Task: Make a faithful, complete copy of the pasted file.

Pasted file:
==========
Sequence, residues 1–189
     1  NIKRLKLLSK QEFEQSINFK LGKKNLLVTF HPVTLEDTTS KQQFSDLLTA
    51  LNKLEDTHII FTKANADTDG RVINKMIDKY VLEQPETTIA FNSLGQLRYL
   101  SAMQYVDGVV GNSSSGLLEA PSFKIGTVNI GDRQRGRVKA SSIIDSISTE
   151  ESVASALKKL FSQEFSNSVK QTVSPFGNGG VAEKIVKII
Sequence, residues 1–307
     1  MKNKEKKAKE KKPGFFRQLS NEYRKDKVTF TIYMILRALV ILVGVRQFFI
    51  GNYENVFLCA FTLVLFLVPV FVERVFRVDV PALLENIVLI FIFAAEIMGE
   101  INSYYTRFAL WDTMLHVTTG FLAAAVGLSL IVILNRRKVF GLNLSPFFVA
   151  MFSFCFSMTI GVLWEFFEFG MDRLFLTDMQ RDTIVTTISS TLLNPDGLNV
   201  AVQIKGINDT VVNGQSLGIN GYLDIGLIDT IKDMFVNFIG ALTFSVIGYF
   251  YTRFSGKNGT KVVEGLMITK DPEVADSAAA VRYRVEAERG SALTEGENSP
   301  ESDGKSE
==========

Sequence, residues 1–189
     1  NIKRLKLLSK QEFEQSINFK LGKKNLLVTF HPVTLEDTTS KQQFSDLLTA
    51  LNKLEDTHII FTKANADTDG RVINKMIDKY VLEQPETTIA FNSLGQLRYL
   101  SAMQYVDGVV GNSSSGLLEA PSFKIGTVNI GDRQRGRVKA SSIIDSISTE
   151  ESVASALKKL FSQEFSNSVK QTVSPFGNGG VAEKIVKII
Sequence, residues 1–307
     1  MKNKEKKAKE KKPGFFRQLS NEYRKDKVTF TIYMILRALV ILVGVRQFFI
    51  GNYENVFLCA FTLVLFLVPV FVERVFRVDV PALLENIVLI FIFAAEIMGE
   101  INSYYTRFAL WDTMLHVTTG FLAAAVGLSL IVILNRRKVF GLNLSPFFVA
   151  MFSFCFSMTI GVLWEFFEFG MDRLFLTDMQ RDTIVTTISS TLLNPDGLNV
   201  AVQIKGINDT VVNGQSLGIN GYLDIGLIDT IKDMFVNFIG ALTFSVIGYF
   251  YTRFSGKNGT KVVEGLMITK DPEVADSAAA VRYRVEAERG SALTEGENSP
   301  ESDGKSE